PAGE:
Omitted spawning in compensatory-growing perch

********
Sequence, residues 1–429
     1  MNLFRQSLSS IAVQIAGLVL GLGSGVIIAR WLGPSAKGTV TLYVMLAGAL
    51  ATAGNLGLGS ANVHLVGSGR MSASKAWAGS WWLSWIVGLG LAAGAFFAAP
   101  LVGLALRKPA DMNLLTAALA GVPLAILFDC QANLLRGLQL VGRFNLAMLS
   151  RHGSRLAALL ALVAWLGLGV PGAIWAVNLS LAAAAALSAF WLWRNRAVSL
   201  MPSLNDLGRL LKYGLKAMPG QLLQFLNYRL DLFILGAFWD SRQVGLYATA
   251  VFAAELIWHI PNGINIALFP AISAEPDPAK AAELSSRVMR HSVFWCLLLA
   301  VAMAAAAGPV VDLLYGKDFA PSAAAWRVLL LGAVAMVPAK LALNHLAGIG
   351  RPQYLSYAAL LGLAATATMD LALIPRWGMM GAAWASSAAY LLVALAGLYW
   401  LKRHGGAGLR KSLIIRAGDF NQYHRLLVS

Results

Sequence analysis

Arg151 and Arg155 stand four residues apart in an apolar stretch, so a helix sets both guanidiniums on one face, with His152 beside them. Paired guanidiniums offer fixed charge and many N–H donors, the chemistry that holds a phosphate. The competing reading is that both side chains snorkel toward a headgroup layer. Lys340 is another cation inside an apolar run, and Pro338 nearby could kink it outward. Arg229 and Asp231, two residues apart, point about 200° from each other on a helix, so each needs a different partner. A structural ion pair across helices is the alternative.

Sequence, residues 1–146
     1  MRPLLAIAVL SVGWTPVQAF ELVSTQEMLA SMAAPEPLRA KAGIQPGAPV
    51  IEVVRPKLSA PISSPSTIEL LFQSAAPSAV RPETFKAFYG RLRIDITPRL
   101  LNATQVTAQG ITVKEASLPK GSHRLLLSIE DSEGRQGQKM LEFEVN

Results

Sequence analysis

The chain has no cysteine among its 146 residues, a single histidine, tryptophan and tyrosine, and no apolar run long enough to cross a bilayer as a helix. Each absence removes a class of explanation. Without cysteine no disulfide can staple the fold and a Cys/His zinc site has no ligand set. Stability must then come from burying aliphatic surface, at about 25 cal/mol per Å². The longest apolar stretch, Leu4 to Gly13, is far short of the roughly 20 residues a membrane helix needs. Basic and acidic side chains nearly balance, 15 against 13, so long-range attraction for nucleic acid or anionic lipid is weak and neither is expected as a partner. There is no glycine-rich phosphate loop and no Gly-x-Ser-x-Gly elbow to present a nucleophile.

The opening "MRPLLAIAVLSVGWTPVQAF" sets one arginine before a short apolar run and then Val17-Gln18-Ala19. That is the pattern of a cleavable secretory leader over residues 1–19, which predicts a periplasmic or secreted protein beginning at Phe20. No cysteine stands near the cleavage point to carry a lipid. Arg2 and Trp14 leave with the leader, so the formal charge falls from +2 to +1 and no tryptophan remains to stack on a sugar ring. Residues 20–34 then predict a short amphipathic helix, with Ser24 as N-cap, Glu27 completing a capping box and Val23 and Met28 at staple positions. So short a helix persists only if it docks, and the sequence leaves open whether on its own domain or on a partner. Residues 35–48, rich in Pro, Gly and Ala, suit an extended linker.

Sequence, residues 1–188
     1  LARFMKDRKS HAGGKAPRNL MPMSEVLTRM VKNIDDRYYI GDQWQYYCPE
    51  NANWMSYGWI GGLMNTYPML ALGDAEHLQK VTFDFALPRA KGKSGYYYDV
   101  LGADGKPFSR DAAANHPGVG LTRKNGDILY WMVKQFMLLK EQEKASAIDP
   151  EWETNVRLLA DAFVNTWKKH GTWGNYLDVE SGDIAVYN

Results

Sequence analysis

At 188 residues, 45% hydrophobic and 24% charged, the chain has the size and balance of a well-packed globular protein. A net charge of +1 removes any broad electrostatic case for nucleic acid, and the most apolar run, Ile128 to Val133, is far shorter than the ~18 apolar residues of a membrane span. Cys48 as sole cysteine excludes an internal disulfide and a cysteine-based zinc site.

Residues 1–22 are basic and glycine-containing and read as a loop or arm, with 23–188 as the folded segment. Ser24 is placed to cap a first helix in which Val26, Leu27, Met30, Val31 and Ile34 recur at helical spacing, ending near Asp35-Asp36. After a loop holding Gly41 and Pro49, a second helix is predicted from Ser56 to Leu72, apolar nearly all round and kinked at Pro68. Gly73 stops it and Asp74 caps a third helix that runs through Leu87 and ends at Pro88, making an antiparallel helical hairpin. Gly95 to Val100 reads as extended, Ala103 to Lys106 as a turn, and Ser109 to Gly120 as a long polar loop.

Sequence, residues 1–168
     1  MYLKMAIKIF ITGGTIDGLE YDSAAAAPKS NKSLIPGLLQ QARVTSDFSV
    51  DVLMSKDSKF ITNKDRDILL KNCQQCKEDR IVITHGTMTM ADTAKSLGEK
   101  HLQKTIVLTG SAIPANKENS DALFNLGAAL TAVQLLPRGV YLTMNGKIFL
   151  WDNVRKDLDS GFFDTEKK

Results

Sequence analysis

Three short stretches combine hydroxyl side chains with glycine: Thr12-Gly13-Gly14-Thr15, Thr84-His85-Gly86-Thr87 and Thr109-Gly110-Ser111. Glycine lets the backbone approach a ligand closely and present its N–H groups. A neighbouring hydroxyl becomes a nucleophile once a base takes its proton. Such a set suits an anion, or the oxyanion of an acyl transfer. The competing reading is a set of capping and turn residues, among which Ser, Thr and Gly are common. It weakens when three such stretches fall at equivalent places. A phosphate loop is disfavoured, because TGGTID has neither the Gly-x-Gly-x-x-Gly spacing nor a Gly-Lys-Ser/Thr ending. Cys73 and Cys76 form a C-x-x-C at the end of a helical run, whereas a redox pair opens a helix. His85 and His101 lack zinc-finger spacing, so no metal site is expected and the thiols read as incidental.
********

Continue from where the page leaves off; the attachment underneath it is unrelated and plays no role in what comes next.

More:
Individual growth trajectories of perch Perca fluviatilis in a Swedish forest lake (sampled in March) revealed growth depression at intermediate sizes, followed by enhanced, compensatory growth at larger sizes. All males of age ≥3+ years had mature, almost ripe testes. The proportion of spawning females was higher at age 3+ years (79%) than at older ages (44%), indicating that older females with non-developing ovaries were resting rather than immature juveniles. Resting females were 175–247 mm in total length (LT), and they were usually in a state of increasing annual growth. Spawning females were of more variable size (123–418 mm), and the larger ones had entered the faster growing state ≥2+ years before catch. Detectable growth costs of spawning indicated that resting females made a trade-off between current and future reproduction, rather than being constrained by poor feeding conditions.
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